I've been invited to a zoom interview at UBC, Canada, for a tenure track job in physics. I'm more or less familiar with the US academic system and how either the phone/zoom interviews or campus visits go, but this is my first experience in Canada and I don't know if the do's and don'ts between the two cultures are similar or not. Any suggestions?

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I've worked in both countries, though I'm in the social sciences. Expect broad similarities - Canada and the U.S. act a lot more alike in terms of academia than the U.S. and the UK do, and the department will be accustomed to people from a range of backgrounds. Here are some subtle points of divergence.

  • There are some minor dialect differences in terminology about higher education, so don't be surprised by that (where Americans would use a generic "college" or "college students," Canadians almost always use "university" and "university students." In Canada a "college" is a trade school or community college or specialized postsecondary institution that does not legally have full "university" status).

  • Undergraduate education is generally far more affordable in Canada, at least for domestic students. American-style jokes about student loans may come across as exaggerated, unfortunately (though most of the largest cities in Canada are experiencing a cost-of-living crisis, and it's been hard on students).

  • Probably best to avoid talking about American/international politics unless someone else brings up the subject first. Canadians do very likely have opinions and these are often well-developed (Canadians watch the U.S. intensely and often critically, especially as the political center is farther left than that of the U.S.), but are overall culturally much quieter about discussing politics openly, especially among strangers. I've seen candidates occasionally blurt out the wrong thing and unwittingly alienate the onlookers. Even self-deprecation is a bad idea: I watched someone visit our campus from the U.S., joke about Americans being [personality-related stereotype], get severely frowned at by the chair of the search committee - who is American - and not be offered the job.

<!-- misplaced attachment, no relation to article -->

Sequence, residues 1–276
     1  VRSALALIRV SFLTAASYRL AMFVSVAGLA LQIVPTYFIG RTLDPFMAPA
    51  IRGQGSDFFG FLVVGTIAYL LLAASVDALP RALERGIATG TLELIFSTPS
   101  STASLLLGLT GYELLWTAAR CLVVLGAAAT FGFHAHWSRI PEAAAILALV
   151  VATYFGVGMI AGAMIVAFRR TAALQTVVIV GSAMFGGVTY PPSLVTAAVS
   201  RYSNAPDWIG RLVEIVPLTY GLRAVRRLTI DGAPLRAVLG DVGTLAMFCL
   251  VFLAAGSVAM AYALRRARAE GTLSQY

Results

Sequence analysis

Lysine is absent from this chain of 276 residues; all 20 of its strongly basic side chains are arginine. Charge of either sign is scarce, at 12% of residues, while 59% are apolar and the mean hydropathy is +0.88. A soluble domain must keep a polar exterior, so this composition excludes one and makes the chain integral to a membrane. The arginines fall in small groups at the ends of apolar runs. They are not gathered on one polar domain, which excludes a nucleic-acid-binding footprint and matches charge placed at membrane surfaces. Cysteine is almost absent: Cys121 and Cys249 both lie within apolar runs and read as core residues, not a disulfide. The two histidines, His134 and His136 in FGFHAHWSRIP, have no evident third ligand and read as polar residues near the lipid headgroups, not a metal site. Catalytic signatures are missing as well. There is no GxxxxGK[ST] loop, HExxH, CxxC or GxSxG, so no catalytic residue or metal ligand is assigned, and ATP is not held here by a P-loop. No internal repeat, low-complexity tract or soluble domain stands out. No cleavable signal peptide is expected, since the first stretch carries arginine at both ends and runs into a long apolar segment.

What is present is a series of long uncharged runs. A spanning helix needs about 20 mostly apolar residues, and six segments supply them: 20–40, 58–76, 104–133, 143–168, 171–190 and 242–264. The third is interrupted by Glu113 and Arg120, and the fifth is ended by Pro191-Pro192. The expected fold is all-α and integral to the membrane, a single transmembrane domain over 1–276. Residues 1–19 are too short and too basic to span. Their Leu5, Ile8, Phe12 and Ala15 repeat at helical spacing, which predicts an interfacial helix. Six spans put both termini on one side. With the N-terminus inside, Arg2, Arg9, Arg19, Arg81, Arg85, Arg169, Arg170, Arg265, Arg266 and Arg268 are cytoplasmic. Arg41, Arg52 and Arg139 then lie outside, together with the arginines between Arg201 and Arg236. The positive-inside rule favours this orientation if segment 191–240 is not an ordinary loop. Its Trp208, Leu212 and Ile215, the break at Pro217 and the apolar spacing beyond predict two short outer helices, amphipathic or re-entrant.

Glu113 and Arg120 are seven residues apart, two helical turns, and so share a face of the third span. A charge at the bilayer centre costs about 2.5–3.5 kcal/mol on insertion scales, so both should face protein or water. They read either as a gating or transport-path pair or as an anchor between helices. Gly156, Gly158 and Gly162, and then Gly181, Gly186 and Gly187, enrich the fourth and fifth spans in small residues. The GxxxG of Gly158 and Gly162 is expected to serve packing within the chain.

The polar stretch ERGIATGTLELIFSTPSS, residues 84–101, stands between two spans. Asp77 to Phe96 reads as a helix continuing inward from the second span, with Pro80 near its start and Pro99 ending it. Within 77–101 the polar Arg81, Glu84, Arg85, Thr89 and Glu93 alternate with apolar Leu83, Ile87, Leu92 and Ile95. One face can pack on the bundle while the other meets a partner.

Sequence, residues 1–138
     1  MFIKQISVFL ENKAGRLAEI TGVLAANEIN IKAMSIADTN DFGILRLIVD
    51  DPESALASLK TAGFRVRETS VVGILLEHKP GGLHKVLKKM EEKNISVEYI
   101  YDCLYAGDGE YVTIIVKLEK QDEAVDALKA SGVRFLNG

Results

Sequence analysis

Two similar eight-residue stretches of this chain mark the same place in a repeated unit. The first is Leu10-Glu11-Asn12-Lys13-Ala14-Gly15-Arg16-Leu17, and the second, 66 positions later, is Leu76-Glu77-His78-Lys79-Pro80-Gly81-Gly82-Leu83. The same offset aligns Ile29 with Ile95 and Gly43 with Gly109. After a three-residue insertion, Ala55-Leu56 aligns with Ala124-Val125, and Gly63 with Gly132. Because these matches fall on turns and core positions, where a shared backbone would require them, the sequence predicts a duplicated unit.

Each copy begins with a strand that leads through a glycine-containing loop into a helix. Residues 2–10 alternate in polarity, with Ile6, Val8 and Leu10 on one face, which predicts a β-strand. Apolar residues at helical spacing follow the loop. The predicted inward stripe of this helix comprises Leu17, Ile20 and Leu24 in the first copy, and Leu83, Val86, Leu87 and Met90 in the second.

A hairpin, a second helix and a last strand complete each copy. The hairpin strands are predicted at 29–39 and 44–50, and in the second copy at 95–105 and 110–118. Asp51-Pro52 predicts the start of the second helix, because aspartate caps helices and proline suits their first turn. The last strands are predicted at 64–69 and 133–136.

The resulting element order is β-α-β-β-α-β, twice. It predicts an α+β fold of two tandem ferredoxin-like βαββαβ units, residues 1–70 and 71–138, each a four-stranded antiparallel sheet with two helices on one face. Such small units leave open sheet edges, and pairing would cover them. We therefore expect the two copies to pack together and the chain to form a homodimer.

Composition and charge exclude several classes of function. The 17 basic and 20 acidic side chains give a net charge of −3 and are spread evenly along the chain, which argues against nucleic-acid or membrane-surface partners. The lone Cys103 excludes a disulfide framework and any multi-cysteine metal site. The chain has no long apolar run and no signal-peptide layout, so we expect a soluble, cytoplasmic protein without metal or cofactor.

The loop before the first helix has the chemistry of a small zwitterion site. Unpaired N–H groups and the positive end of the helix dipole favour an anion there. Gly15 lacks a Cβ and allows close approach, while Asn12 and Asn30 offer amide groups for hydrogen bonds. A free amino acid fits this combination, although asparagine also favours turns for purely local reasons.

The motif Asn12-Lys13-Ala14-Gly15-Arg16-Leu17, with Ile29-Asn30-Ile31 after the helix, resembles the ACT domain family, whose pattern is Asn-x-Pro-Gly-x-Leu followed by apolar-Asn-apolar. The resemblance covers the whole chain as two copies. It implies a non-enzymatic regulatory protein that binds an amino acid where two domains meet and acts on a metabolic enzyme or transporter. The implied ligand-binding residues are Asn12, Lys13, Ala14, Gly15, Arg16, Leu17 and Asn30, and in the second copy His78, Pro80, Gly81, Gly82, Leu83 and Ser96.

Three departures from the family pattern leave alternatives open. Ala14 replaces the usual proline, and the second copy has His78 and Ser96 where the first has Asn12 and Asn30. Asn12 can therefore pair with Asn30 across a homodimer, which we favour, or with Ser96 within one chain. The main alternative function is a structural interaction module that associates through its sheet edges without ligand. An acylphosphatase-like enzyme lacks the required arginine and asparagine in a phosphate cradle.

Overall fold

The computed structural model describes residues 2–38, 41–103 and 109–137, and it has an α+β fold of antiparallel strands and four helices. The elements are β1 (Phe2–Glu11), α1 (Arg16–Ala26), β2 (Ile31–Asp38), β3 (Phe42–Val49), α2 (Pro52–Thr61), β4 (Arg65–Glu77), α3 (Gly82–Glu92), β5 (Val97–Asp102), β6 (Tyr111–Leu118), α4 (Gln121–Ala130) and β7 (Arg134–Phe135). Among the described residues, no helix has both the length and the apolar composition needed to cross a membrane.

• Sometimes people from the U.S. end up chatting about cross-border issues and unwittingly go overboard on insisting that Canadians count as Americans too, because (the reasoning goes) they are also from North America. I recommend not doing that. "American" on its own to Canadians very clearly means "from the United States," and insistence that things are otherwise can seem like weird semi-imperialism.

  • White folks in British Columbia have been reckoning in a very big way with the ghastly legacy of anti-Indigenous racism (among other things) since contact. Be aware, expect to see land acknowledgments and possibly more efforts everywhere, and don't joke about it. (This goes for most of Canada, but B.C. is farther ahead in its efforts than most of the rest of the country is.) It's very much a work in progress. Indigenous folks as a collective right now are probably best referred to as Indigenous (not "Native Canadians" and certainly not "Indian" unless a given Indigenous person states a preference for that). You might also hear "First Nations," though technically that's a subset. Avoid using phrases that suggest that Indigenous people somehow belong to Canada, because that kind of assumption is part of the problem.

  • Be aware that if anyone with Canadian citizenship is on the shortlist, they may have a minor advantage due to anti-"brain drain" measures - though this is not a guarantee of anything and many departments have people from the U.S. and abroad. I have an American colleague we hired over a Canadian competitor years ago.

Vancouver's a wonderful city - best of luck!

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    Feb 8, 2023 at 20:09

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